Sunday, August 7

Ohio LGBTQ+ youth (12-24) *NEEDED* for “Ohio Thrives Needs Assessment”

Pinterest LinkedIn Tumblr +

Data collection has begun on the Ohio Thrives Needs Assessment, an effort to yield data looking at the intersections of LGBTQ+, disability, and racial identities for young people ages 12-24.

The assessment is a partnership between Kaleidoscope Youth Center and the Ohio Developmental Disabilities Council. The goal is to yield recommendations to local organizations and governments on how they can better serve these communities. 

There are three opportunities for input:

  1. An anonymous online survey for youth 12-24
  2. A one-hour, paid focus group for youth 12-24
  3. A 30-45 unpaid stakeholder interview for youth-serving professionals

The Buckeye Flame spoke with Lane Shirrell, Community Education and Research Manager at Kaleidoscope to learn more about this data collection initiative.

Give us the background on the project.
Kaleidoscope Youth Center (KYC) got a grant from the Ohio Developmental Disabilities Council to do a study looking at the intersections of race, developmental disability, and LGBTQ+ identities. KYC expanded the definition of developmental disability to include mental health disorders and really anything that could impact day-to-day functioning.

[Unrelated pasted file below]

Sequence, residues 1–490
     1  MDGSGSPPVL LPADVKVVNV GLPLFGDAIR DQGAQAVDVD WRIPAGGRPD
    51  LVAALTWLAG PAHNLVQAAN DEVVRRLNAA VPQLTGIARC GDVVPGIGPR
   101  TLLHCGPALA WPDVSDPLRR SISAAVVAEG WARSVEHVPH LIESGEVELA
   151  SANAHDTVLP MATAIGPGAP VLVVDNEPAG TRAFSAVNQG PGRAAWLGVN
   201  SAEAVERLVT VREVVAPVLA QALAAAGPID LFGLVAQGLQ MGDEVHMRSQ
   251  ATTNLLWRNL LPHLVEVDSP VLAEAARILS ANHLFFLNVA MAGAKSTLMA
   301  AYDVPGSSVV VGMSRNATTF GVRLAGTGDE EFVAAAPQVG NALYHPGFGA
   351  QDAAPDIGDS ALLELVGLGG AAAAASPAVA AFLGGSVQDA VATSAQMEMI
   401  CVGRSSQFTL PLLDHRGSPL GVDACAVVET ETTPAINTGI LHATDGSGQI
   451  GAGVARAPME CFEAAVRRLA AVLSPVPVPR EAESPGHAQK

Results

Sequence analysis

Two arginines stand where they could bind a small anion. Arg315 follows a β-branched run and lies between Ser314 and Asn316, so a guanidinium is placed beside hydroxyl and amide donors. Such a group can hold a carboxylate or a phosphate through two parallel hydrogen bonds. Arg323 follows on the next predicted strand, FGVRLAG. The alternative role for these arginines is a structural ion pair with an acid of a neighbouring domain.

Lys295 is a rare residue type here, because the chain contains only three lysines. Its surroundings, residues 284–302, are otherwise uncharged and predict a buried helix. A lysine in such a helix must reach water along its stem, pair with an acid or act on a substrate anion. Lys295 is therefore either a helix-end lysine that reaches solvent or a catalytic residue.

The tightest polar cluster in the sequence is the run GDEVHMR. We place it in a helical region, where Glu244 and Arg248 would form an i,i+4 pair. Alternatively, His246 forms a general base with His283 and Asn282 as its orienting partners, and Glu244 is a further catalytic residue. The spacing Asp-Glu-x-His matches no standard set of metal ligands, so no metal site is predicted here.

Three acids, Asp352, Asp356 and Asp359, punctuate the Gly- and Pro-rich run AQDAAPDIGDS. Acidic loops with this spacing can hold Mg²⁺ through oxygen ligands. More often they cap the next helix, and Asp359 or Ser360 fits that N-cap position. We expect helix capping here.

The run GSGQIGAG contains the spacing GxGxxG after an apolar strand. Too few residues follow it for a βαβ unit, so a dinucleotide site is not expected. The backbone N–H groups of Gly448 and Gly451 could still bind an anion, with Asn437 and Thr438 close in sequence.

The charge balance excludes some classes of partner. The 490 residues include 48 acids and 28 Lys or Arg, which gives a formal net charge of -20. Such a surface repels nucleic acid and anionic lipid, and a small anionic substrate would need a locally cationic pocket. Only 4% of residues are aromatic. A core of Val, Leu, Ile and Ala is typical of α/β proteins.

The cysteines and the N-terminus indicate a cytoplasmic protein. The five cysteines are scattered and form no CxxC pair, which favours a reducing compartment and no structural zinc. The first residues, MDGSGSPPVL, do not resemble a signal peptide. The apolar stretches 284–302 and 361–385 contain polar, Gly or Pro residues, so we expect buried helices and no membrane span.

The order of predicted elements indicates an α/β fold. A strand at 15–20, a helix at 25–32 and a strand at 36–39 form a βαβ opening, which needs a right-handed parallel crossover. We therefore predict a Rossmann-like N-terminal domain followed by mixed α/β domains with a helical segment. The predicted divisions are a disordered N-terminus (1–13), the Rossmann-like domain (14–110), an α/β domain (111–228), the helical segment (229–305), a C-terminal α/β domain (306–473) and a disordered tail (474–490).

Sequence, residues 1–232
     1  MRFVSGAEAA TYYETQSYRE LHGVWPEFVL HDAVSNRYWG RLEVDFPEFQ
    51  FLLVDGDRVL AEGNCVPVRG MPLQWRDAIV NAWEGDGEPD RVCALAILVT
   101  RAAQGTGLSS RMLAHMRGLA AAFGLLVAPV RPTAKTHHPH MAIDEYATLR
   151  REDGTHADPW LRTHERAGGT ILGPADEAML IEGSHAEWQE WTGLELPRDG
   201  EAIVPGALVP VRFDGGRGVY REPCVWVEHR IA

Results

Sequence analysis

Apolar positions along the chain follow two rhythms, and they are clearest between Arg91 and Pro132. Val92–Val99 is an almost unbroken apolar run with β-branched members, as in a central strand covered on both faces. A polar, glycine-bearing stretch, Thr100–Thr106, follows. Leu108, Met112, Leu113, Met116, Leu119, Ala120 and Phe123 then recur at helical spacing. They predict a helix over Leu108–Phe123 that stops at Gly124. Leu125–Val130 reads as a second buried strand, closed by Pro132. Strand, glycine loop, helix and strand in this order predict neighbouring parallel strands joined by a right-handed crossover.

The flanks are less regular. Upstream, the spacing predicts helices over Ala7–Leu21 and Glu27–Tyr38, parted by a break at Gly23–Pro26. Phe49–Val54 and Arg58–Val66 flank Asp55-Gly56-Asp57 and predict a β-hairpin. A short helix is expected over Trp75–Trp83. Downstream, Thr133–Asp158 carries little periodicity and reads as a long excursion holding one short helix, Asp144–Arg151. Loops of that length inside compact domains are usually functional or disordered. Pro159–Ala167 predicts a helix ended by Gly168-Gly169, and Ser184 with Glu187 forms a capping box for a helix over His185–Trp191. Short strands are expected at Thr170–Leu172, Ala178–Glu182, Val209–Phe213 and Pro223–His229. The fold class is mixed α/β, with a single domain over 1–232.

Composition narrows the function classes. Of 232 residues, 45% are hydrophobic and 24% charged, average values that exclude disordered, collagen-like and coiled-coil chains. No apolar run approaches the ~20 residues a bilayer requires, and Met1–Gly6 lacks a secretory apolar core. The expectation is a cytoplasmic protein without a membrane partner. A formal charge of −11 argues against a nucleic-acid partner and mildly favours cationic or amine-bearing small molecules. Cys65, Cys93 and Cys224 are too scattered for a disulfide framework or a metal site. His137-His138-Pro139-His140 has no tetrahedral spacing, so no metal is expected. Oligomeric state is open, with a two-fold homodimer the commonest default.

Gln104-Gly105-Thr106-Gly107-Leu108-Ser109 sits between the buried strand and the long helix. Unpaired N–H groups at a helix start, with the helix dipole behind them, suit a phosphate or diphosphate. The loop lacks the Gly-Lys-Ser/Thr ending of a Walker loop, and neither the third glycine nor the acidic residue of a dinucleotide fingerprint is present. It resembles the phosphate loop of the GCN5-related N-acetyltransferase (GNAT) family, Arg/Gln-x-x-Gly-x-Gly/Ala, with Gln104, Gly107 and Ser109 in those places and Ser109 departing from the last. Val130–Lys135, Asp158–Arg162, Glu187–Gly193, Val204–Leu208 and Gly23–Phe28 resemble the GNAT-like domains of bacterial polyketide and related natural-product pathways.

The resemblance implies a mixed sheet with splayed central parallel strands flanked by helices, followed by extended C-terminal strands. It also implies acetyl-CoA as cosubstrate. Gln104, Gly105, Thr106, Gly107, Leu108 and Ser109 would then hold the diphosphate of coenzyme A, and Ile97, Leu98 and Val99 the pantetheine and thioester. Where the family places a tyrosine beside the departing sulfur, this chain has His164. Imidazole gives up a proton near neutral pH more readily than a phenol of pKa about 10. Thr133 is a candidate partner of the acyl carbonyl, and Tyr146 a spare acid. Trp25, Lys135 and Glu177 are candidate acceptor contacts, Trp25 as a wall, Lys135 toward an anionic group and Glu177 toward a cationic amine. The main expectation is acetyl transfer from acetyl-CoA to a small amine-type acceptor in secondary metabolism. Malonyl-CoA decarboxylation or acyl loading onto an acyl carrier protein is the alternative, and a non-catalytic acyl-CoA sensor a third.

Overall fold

So there are three different methods for input. Let’s start with the survey. What are some of the topics?
They survey asks questions about physical mobility in various locations schools, workplaces, places of spiritual practice, etc. 504 and IEP plans, whether those around them respect their LGBTQ+ identity, and what resources they are able to access.

And then there are focus groups?
Yes, which I am scheduling this month moving forward. Those will be groups of 6-8 youth. We get together for an hour and it’s paid through a gift card at a living wage. And we will talk about all of the same issues.

And then finally stakeholder interviews?
The third component is indeed stakeholder interviews. Those are for youth-serving professionals or parents, anybody who is close to these youth with these identities who can talk about what challenges they are encountering and what resources they need access to. It’s all the same questions but in a slightly different capacity.

What will you do with all of this collected info?
All of this data collection will take place from May to November. In December, I will write a white paper making recommendations to school districts, the City of Columbus, interested workplaces, all about what they can do, what structures they can put in place to help people with these identities, and specific dollars and funds recommendations to the City of Columbus as to where they can distribute their money to support these individuals.

So the idea is actual change?
Definitely.

Any goals for participation rates?
We would like to get more non-white participants up. We started at 60% white respondents and now we’re up to 90% white respondents. So we need to get more responses from the entire community. 🔥

Ignite Action:

About Author

Ken Schneck is the Editor of The Buckeye Flame. He received the 2021 Sarah Pettit Memorial Award for the LGBTQ Journalist of the Year from the NLGJA: The Association of LGBTQ Journalists. He is the author of "Seriously, What Am I Doing Here? The Adventures of a Wondering and Wandering Gay Jew" (2017), "LGBTQ Cleveland" (2018), "LGBTQ Columbus" (2019), and "LGBTQ Cincinnati" (2020). In his spare time, he is a professor of education at Baldwin Wallace University.

Share this piece.

1 Comment

  1. Pingback: August 2022 - OutSupport

Leave a Reply